The U.S. should stop pretending to be Turkey's ally

However, by the end of the decade, Erdogan and his party had immersed themselves in corruption and initiated authoritarian rule. His commitment to Islam turned harsh and political. Rule of law, individual liberties, and democratic procedures all were sacrificed to enhance regime power. The 2016 attempted coup was Erdogan’s Reichstag fire, justifying the brutal crackdown and purge that he’d long wanted and may have planned. Last year, for the first time, Erdogan tampered with the actual vote, forcing a rerun of the Istanbul mayoral race, which his party ended up losing twice. Next time he may be more desperate—and simply steal the election.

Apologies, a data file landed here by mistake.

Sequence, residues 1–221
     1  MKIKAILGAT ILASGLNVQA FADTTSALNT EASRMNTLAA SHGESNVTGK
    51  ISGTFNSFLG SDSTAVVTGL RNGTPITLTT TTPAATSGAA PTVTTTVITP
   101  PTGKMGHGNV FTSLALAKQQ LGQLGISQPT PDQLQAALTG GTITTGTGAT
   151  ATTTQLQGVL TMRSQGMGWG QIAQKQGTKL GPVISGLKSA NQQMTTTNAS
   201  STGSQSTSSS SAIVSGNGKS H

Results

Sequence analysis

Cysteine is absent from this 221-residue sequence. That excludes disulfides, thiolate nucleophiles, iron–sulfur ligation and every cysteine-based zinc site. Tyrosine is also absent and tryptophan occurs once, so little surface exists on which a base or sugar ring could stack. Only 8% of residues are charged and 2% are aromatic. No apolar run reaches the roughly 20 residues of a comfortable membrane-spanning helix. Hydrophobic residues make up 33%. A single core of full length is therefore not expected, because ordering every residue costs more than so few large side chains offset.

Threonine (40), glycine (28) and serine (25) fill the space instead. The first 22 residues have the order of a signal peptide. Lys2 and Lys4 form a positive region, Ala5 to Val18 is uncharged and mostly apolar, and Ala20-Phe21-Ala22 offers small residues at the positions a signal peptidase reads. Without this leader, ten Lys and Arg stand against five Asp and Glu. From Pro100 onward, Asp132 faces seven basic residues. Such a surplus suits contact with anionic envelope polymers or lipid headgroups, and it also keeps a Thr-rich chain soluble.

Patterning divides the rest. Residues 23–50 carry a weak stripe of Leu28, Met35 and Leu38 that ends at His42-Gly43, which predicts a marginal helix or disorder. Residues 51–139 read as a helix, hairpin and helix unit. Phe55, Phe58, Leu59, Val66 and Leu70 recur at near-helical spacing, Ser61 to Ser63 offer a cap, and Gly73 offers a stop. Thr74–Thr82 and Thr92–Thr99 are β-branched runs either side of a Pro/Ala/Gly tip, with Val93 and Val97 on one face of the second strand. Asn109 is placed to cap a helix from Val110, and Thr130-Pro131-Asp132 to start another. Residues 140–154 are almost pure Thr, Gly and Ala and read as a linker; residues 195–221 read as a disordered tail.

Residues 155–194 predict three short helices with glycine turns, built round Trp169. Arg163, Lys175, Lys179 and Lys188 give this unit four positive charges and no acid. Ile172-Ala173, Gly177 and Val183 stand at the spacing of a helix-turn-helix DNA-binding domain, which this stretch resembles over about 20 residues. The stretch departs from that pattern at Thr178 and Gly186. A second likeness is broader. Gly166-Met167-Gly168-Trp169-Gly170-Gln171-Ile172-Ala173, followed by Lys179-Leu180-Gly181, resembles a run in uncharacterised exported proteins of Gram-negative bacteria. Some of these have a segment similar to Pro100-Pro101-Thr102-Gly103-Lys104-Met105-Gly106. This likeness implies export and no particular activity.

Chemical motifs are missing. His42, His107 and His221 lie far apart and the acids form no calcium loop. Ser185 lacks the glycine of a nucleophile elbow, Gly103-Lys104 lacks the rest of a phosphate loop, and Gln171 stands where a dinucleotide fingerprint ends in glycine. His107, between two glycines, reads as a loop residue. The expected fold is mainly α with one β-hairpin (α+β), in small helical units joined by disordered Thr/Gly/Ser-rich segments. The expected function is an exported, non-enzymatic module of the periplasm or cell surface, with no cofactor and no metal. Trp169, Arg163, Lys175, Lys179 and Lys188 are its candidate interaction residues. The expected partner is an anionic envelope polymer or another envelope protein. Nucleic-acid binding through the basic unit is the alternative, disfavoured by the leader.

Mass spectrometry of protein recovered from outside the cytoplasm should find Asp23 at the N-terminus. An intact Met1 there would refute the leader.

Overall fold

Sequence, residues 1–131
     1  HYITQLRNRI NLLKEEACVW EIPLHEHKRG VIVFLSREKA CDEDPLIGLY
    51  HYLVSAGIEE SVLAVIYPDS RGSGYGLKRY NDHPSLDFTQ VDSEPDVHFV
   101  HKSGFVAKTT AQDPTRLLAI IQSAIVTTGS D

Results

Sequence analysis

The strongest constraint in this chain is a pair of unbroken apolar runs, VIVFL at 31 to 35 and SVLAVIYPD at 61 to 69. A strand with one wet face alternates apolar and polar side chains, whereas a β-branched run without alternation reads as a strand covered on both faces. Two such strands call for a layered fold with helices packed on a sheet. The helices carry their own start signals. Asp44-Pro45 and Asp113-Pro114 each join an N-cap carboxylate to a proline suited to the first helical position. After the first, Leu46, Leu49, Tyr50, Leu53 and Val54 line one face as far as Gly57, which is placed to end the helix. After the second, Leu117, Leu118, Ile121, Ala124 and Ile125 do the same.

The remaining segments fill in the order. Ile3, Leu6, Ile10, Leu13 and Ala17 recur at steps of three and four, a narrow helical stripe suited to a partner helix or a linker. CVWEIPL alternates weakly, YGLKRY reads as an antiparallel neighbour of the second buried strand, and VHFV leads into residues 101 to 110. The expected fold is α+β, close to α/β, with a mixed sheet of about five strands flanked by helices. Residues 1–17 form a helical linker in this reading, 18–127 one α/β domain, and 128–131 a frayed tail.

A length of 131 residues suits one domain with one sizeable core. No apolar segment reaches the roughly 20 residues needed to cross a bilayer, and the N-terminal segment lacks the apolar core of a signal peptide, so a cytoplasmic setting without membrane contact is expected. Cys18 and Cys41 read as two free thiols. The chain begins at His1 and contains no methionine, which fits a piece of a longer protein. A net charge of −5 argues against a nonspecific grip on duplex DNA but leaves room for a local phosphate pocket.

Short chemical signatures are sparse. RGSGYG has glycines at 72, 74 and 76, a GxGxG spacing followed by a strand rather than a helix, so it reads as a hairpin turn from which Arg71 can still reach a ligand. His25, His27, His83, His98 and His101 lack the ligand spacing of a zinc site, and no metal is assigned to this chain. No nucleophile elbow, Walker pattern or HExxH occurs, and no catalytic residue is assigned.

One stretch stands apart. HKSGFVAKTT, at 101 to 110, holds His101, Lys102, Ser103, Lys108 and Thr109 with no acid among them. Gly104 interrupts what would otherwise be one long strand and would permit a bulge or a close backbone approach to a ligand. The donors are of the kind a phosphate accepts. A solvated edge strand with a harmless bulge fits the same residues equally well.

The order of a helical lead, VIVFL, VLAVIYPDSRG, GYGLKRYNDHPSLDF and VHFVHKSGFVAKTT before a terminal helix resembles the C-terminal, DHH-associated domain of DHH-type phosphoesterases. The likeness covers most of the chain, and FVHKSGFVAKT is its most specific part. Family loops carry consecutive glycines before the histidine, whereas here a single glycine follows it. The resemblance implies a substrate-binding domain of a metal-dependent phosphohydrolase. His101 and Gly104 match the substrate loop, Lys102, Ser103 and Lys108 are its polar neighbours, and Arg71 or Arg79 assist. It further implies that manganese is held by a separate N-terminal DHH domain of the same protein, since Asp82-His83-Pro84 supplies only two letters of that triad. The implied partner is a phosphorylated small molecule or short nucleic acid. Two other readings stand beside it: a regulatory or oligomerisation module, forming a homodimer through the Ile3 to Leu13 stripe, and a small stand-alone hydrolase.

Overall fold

The cumulative impact has been to destroy what was always a flawed and limited democracy. The group Freedom House rates the country as not free. The State Department points to “reports of arbitrary killings; suspicious deaths of persons in custody; forced disappearances; torture; arbitrary arrest and detention of tens of thousands of persons,” and that’s just the start.

All of which has undermined NATO. The Europeans take democracy more seriously than during the Cold War. Indeed, they justified the alliance’s post-Cold War expansion as a means of integrating the former communist states of Central and Eastern Europe into the West. The allies also perceive Russia’s slide backward into authoritarianism as part of its menace.

Even more problematic for NATO is Ankara’s increasingly independent and hostile foreign policy.